It was massively difficult, because I’d made promises after Paul’s death to the family that I would stop. I thought that was the right thing to do at the time during that mourning period. Because of the press attention, we agreed with Tom (Walkinshaw) to take the car away to the Osterreichring to see whether I had it in me. I sat the family down and said I had to find out whether I wanted to carry on, and it was quite surprising really. My mother always supported her family and didn’t have an opinion on anything, but said to the family, “Look, Derek’s a great race driver and we have to honour the fact that he may still want to race”. That was quite an eye-opener. It was a tough time. Paul was not just a brother: he was a friend, a racing colleague, my hero, my future. At the end of the day we were trying some new dampers and one of them broke or seized and it threw me off at the Boschkurve — never hit anything, just stopped in the gravel trap. I got out of the car, went back to the hotel and just cried my eyes out. Never slept the whole night. Eventually I got up and looked at myself in the mirror and said to myself, “I have to either get on with it or stop”. In the morning I came to the circuit, got in the car, broke the record, had a fantastic day and carried on.
If you had really given Michael Schumacher a good hiding at the Nürburgring in 1991, do you think he’d have been more considerate on the track in the years since then? — Rosie Robertson, Surrey
No. I think he was too arrogant. He was obviously on a suspension if he didn’t come and say sorry to me the next day, but it was the most unbelievable ‘sorry’, in the circumstances, that I could have imagined. He must have realised that my brother had just died but there was no compassion. But, you know, that’s why he’s such a great driver. I don’t bear him any grudges. That’s what happens when exceptional people come along — they’re very blind to what’s going on around them.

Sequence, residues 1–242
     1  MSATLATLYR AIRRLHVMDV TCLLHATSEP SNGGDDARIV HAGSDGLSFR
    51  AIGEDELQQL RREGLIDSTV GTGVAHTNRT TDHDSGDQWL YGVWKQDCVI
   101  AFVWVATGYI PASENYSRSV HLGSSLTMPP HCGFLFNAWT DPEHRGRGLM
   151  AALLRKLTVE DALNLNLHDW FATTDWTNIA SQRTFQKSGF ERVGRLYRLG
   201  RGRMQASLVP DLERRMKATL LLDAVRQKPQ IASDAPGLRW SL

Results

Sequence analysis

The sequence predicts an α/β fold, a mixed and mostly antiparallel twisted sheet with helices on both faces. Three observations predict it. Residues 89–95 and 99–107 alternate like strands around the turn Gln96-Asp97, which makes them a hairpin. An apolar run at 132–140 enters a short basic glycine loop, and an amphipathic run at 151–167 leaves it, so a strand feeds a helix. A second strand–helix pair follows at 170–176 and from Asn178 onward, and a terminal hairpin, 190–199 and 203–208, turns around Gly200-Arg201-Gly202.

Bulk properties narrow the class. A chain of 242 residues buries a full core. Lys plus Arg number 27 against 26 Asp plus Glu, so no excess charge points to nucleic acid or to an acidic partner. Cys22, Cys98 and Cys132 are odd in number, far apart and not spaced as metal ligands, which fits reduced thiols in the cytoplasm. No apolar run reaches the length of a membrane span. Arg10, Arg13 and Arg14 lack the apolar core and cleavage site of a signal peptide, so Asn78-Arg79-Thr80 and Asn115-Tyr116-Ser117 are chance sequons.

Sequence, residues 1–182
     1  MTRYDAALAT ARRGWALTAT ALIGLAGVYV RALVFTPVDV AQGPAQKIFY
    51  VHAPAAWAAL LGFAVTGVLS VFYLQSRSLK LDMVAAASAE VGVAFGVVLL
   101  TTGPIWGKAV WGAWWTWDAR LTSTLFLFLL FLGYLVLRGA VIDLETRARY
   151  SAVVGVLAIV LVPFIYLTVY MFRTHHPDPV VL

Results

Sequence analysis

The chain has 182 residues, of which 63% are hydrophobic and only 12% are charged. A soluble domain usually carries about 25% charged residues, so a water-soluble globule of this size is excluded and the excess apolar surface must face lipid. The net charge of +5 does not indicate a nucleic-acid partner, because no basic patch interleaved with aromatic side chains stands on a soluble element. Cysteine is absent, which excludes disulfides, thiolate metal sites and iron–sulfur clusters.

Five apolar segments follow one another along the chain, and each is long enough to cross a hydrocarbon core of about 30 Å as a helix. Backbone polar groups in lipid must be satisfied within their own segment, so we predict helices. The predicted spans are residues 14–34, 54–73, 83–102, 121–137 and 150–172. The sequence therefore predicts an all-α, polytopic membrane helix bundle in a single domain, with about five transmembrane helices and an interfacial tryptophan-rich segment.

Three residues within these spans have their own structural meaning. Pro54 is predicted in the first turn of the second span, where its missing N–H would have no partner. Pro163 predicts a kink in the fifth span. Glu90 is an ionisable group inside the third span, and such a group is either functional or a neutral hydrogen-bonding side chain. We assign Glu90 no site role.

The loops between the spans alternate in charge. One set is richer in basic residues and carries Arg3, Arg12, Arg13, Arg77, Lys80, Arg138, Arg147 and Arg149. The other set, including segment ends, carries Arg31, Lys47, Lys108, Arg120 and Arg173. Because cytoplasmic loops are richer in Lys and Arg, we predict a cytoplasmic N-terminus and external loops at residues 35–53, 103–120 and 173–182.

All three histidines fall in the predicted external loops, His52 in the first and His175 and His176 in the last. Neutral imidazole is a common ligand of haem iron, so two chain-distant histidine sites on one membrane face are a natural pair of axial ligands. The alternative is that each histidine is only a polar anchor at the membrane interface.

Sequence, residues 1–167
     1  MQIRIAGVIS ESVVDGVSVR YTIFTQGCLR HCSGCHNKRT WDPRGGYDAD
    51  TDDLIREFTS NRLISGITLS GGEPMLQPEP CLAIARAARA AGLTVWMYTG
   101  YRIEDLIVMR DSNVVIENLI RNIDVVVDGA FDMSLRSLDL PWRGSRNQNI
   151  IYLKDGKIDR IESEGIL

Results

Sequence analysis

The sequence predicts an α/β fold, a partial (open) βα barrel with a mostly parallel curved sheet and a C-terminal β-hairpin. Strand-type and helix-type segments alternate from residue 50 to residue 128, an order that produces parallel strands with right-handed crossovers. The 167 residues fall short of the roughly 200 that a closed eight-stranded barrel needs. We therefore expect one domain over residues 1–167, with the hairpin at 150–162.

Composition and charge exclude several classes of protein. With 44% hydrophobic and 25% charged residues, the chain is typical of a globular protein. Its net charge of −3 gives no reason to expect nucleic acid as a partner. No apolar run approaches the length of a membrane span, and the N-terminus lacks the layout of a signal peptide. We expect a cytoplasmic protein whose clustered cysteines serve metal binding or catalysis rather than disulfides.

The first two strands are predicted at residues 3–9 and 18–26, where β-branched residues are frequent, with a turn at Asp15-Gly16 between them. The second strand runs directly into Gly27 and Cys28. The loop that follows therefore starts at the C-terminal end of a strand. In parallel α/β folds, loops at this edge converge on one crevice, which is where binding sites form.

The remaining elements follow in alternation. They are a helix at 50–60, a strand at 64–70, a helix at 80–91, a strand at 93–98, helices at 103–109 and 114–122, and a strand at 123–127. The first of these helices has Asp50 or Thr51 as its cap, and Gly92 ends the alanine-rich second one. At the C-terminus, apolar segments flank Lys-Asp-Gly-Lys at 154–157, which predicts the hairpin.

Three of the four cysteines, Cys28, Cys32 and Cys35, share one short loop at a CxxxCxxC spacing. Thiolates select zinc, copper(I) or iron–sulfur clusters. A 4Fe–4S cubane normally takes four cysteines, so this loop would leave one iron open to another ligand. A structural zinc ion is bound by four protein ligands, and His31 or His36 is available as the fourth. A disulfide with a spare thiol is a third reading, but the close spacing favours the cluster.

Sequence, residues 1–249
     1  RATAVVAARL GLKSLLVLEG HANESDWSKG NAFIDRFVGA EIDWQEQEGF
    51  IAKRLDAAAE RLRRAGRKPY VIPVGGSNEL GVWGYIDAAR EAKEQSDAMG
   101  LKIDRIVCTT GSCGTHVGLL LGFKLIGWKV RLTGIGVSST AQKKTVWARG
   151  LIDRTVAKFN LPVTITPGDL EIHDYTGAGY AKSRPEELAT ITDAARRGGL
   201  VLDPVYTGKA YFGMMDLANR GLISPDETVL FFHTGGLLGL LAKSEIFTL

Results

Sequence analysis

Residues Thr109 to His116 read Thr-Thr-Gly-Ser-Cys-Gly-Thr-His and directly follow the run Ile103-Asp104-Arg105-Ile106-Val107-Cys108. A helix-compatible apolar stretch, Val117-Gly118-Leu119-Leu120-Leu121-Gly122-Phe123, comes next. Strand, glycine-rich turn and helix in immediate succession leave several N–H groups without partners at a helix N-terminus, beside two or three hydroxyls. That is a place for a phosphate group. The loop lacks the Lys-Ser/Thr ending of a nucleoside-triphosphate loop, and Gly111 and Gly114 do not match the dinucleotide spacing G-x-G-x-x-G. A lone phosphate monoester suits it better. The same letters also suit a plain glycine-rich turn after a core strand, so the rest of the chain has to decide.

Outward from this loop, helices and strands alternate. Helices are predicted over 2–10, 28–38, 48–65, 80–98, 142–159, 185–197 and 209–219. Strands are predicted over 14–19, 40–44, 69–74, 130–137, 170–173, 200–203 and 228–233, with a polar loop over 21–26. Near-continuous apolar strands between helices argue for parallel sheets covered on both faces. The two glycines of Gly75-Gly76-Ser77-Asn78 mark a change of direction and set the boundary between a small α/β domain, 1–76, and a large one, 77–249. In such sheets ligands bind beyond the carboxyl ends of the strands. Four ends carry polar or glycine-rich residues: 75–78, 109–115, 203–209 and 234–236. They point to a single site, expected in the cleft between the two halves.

I own a Renault 5 Turbo 2 with the first owner listed as being a certain D. Warwick. Was this one of the perks of racing for Renault in F1 in the ’80s? — Paul Constantine, via e-mail
Yes it was! I had several cars from Renault and this mid-engined Turbo 2 was my favourite. You can tell him also that I gave that car shit! I used to drive that thing flat-out everywhere, handbrake turns, 360s. And he’ll be proud to know that I drove that thing to its maximum and at the time it was the most fantastic car I had ever owned in my life!
What was it like sharing with Peter Brock at Bathurst in 1997, and was that your touring car highlight? — Paul Barry, Sydney
Well, I don’t think I had any highlights in touring cars! I went about it the wrong way. I treated my time in touring cars as a weekend hobby against professional drivers and I gave it the wrong approach. Peter Brock is an absolute legend and my time with him was fantastic. One day I was sat with Peter and before us there were 500 people queuing in front of what I thought was my table, but a lot of them would actually pull the poster away after Peter had signed it because they didn’t want me to deface it!
Have you ever considered taking part in historic racing such as the Goodwood Revival? — Dave Smith, Widmer End
I’ve never had the time or the inclination to climb back into a car — maybe an ’85 Renault — that was too dangerous to drive back then, let alone climb back into the f***ing thing now! Historics doesn’t excite me — I look at them and I’m bored by them. I love technology and I love just looking at modern stuff.
You turned down Williams for 1985 to stay at Renault and the Williams drive went to Nigel Mansell… — James Davies, Horley
It was right to stay with Renault: the ’84 car was good; you needed to be with a manufacturer. They then offered me a fortune to stay for ’85. When I made that decision I didn’t know that we were going to lose the top four or five people from the team. And in came some guy from Renault production who didn’t know his arse from his elbow. But I don’t lose any sleep over it: I’m alive, I’ve earned well, I’m very happy with my life and I’m very proud of some of the things I’ve done.